Since in both cases an excess of free aluminum ions must be used to prevent free glue compared to the reactive colloidal glue substances, a slightly acidic paper product is created - the acidic or acidic paper. When exposed to atmospheric moisture , this forms sulfuric acid , which damages the paper from the inside out ( catalytically caused cellulose degradation). The paper turns from light yellow to dark brown, is brittle and cracks, at edges and corners, disintegrates the book, it comes to the paper disintegration .

Wood pulp ages faster than pulp. When wood pulp and acid resin sizing come together, a paper cannot be resistant to aging. The hydrolysis of the alum content remaining in the paper - regardless of whether it is cellulose paper or wood pulp paper - partially produced sulfuric acid, which led to acidification and accelerated degradation of the papers of the 19th and 20th centuries. However, it must be said that old rag papers sized animal were also treated with alum. Lime milk was also added to the animal glue for clarification, followed by alum solution.

The most modern and paper-friendly process is the synthetic sizing that is currently in use . Polymers with a hydrophobic effect (for example copolymers of styrene and acrylic acid esters or maleic acid ), alkylated ketene dimers (AKD sizing) or alkenylsuccinic anhydrides (ASA sizing) are primarily used . In the surface sizing , starch, starch derivatives (ethers, are ester ), animal glue, casein , paraffin , wax , Celluloseester ( methyl cellulose , sodium carboxymethyl ). Sizing agents are also used, such as alginates , manno - galactans ( glucomannans ).

Depending on the amount of glue added, a distinction is made:

  • unsized papers
  • Quarter gluing
  • Half-gluing
  • Three-quarter gluing
  • Full gluing


  • Hans-H. Hofer and Josef Weigel: Possibilities of paper sizing. In: H. Bansa (Ed.): Journal for Libraries and Bibliography. Durability of Paper: Lectures at the 4th International Graphic Restorers' Day 1979. Special h. 31, Klostermann, 1980, ISBN 3-465-01448-0 , pp. 82–90, online (PDF; 356 kB), at, accessed on October 25, 2016.
  • Günter Engelhardt, Klaus Granich, Klaus Ritter: The glueing of paper. Fachbuchverlag, Leipzig 1972, DNB 730155331 .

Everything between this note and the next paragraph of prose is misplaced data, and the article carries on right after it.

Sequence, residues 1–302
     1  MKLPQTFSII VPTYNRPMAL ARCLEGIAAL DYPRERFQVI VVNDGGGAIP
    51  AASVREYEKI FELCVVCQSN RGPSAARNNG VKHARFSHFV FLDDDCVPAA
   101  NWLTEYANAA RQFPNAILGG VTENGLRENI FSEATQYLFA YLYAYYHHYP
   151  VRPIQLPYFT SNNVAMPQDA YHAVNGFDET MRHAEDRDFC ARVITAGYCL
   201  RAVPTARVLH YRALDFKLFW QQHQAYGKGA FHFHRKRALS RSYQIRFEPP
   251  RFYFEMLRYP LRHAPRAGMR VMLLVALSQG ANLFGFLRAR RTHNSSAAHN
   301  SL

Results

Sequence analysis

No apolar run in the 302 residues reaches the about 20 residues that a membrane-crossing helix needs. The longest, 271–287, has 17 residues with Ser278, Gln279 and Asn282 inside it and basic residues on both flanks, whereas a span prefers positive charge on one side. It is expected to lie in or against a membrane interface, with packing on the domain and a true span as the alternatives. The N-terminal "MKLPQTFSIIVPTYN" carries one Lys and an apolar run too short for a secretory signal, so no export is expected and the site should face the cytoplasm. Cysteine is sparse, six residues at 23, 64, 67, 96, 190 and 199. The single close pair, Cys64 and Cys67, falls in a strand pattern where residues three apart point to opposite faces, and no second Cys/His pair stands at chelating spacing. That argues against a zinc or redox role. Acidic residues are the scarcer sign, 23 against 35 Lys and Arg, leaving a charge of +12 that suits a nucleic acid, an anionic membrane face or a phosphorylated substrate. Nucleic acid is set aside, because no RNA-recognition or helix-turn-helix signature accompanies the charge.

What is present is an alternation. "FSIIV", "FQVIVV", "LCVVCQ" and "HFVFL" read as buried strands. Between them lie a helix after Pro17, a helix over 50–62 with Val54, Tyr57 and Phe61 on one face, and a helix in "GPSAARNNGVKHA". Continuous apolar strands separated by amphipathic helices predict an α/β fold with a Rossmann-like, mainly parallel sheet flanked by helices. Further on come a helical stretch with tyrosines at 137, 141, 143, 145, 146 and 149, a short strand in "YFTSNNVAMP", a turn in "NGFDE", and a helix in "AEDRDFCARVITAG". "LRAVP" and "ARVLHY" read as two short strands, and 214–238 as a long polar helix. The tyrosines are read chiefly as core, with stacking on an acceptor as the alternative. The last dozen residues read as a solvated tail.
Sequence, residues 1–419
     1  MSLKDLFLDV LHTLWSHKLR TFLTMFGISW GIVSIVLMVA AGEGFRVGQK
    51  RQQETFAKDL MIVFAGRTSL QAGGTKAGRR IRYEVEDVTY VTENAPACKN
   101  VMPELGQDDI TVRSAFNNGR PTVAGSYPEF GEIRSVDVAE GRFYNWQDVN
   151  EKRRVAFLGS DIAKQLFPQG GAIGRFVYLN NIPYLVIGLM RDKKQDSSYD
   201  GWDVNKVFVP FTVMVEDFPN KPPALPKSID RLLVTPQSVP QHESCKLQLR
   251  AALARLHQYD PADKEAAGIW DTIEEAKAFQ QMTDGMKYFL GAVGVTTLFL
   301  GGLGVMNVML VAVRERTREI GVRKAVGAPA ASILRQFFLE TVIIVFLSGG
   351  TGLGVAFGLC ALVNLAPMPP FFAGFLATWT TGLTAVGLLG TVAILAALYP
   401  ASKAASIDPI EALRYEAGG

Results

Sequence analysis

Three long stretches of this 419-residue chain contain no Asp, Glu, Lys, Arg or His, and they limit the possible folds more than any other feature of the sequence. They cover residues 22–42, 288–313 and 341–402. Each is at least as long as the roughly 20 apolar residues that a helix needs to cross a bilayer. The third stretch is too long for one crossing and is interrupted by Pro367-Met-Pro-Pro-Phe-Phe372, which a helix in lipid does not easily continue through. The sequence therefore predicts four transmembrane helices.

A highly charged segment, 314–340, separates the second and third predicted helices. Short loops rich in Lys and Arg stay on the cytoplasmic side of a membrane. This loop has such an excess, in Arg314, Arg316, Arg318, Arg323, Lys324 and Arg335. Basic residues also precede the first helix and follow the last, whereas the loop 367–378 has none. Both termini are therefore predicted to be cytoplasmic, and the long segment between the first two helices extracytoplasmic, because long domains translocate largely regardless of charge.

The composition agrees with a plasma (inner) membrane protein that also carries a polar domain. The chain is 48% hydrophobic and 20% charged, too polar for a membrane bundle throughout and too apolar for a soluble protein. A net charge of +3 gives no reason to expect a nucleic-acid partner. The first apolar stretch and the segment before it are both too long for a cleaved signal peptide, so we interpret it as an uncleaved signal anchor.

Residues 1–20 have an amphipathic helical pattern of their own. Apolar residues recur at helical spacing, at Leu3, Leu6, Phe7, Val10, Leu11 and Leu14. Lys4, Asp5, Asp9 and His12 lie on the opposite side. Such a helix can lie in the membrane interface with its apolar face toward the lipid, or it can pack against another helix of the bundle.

• Kurt Hess: The chemistry of cellulose and its companions. Academic Publishing Company, Leipzig 1928, OCLC 313883984 .
  • Andreas Pingel Keuth: Paper production: From cellulose to filter bags, writing paper, .. In: Chemistry in our time . 2005, 39 (6), pp. 403-409, doi : 10.1002 / ciuz.200500234 .
  • Mass sizing (PDF; 595 kB), on, accessed on October 21, 2016.
  • Use of starch in paper and their metering devices. (PDF; 1.02 MB), from, accessed on October 24, 2016.

Individual evidence

  1. ^ Joseph Needham : Science and Civilization in China: Vol. 5 Chemistry and chemical technology , Cambridge University Press, 1985, ISBN 0-521-08690-6 , p. 73.
  2. ^ Wolfgang Schlieder: paper. Traditions of an ancient craft. Fachbuchverlag, Leipzig 1985, ISBN 978-3-343-00346-4 , p. 10.
  3. ^ Carl Zerbe: Mineral oils and related products: 2nd edition, 2nd part, Springer, 1969, ISBN 978-3-642-87510-6 , p. 696.
  4. Erich Siebel, Rudolph Korn, Friedrich Burgstaller: Handbook of materials testing. 2nd edition, 4th volume, Springer, 1953, ISBN 978-3-662-21990-4 , p. 68.
  5. Cf. Moritz Friedrich Illig : Instructions on how to glue paper in bulk in a safe, simple and inexpensive way. As a contribution to the art of papermaking. Research Center for Paper History, Mainz 1959, DNB 452205972 , reprint of the original edition from 1807.
  6. Otto Lange: Chemisch Technical Regulations: 2nd volume, 3rd edition, Springer, 1923, ISBN 978-3-662-31454-8 , pp. 161-176.
  7. Werner Griebenow: Signs of aging in paper - mainly from a chemical point of view. In: Restauro. Journal of art techniques, restoration and museum issues. Vol. 97, no. 5, 329–335, Online (DOC; 1.8 MB) at, accessed on October 26, 2016, No. 6, 409-415, 1991, ISSN  0933-4017 .
  8. Irene Brückle: The Role of Alum in Historical Papermaking. In: The Abbey Newsletter. Volume 17, Number 4, Sep 1993, pp. 53-57, online at, accessed October 26, 2016.
  9. Thomas Krause, Werner Franke (Ed.): Testing of paper, cardboard, cellulose and wood pulp. Volume 1, Springer, 1991, ISBN 978-3-642-48379-0 , pp. 87 ff.